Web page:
I have a lot of lipsticks, but I don’t wear them that much. is a really nice pinky nude. And then this one also came from my friend at , . When it goes on it’s a little bit glossy, so it’s a little bit translucent, which is nice. It reads just very natural. is as pumped up as I can go. I’ll put that in my bag if I’m going somewhere for my day to night switch, which is not often.
The only fragrance I have is from my high school best friend. It’s , and it smells like cake. I have little ones in my travel bags and I’ve been wearing it since high school. I like sweet, and as I said I’m very smell-sensitive so I still haven’t found one I like better. I am also a candle lover—I have them all over the house. I have some candles, and actually has really good ones. I love the Salt Flats—I buy that for a lot of people. It lasts a really long time, and it comes with one of their friendship bracelets. My other favorite is from —it comes in a concrete base. I give it out as a gift too, because I think the concrete base is just so nice. Also, a female-run company from Los Angeles. They’re awesome.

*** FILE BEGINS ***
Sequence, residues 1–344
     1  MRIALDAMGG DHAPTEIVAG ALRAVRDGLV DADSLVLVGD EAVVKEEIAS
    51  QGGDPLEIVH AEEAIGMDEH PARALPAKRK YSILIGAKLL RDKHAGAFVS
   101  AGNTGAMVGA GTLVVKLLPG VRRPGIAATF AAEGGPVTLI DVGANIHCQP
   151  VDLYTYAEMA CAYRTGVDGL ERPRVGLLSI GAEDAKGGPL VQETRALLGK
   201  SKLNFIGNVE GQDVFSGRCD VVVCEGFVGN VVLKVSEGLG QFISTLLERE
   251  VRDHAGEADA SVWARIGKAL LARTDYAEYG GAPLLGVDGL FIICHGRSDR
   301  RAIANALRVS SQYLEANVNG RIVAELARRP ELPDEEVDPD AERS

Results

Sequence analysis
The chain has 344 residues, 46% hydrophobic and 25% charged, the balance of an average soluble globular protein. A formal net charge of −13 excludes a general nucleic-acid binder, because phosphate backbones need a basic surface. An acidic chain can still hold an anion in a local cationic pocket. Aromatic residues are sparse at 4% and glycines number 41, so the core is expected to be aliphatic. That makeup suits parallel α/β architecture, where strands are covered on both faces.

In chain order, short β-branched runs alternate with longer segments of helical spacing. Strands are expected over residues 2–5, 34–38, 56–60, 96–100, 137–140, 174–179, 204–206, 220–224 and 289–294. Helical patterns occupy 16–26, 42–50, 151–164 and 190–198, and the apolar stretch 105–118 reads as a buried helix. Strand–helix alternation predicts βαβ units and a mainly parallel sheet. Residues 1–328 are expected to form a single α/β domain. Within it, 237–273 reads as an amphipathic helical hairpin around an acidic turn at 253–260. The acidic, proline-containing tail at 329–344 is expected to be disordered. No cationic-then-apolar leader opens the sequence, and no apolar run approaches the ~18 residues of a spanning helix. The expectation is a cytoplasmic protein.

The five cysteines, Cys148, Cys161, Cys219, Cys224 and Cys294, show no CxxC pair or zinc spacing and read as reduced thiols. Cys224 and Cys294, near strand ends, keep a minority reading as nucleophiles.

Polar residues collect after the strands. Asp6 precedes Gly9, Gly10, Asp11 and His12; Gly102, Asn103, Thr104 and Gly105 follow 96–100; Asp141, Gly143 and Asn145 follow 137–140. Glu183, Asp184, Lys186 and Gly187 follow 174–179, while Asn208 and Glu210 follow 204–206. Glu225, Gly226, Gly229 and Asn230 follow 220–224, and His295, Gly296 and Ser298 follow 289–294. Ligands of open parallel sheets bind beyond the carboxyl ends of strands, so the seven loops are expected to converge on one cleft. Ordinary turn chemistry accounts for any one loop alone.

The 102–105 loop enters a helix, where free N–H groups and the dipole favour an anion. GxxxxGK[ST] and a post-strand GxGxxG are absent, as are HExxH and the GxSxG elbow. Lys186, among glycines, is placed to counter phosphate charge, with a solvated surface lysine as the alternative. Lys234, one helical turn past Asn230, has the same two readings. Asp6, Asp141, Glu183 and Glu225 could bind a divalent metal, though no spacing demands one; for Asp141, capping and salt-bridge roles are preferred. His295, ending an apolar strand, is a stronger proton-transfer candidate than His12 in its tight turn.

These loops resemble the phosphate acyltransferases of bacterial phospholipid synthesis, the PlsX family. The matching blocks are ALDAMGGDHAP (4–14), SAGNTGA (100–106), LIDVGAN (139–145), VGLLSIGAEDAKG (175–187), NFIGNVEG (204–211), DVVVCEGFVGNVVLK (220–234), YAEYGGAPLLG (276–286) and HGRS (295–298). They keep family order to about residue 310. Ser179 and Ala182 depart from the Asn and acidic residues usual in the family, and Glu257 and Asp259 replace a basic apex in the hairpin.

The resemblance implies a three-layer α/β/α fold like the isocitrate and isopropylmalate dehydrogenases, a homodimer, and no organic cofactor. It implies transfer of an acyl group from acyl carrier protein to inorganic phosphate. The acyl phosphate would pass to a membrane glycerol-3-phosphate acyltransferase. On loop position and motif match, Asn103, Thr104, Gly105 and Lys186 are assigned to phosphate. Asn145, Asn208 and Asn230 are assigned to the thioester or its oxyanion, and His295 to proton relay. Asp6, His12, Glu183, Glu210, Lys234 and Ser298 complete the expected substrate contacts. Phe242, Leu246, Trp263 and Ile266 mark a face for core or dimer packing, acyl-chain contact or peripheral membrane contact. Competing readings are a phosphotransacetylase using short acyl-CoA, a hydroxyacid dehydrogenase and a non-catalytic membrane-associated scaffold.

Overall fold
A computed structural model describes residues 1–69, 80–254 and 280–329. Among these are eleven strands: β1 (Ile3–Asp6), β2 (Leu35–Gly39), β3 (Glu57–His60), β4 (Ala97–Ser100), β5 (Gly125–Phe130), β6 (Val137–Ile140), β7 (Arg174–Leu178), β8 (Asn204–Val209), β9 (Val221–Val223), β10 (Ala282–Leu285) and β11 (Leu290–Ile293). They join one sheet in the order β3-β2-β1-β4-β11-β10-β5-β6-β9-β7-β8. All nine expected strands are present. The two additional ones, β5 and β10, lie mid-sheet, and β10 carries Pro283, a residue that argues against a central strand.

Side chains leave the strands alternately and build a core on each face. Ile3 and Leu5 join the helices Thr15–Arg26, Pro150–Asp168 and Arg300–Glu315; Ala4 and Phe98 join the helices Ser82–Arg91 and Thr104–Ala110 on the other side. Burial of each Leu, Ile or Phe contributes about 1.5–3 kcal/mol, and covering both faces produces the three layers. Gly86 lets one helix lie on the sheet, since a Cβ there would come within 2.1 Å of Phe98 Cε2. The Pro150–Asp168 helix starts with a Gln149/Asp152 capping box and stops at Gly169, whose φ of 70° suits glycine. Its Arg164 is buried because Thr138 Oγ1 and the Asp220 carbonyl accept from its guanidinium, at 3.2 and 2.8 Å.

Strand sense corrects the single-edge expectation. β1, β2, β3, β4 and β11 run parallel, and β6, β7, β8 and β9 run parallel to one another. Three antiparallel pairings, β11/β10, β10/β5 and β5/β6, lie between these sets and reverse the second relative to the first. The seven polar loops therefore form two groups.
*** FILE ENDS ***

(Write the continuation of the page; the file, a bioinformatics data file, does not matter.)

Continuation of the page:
I’m definitely the kind of person who takes products from friends. All my friends who work in beauty are like, ‘You should do this,’ and I’m like, ‘Great!’ I don’t know enough about makeup. I have a lot of these because I’m worried they’re gonna discontinue them. Here’s my gripe—you really only need half of the sheet. It’s annoying! Are you really gonna sit there and cut them and put them back in the bag?”
—as told to ITG
Camilla Marcus photographed in New York by Tom Newton on July 10, 2018.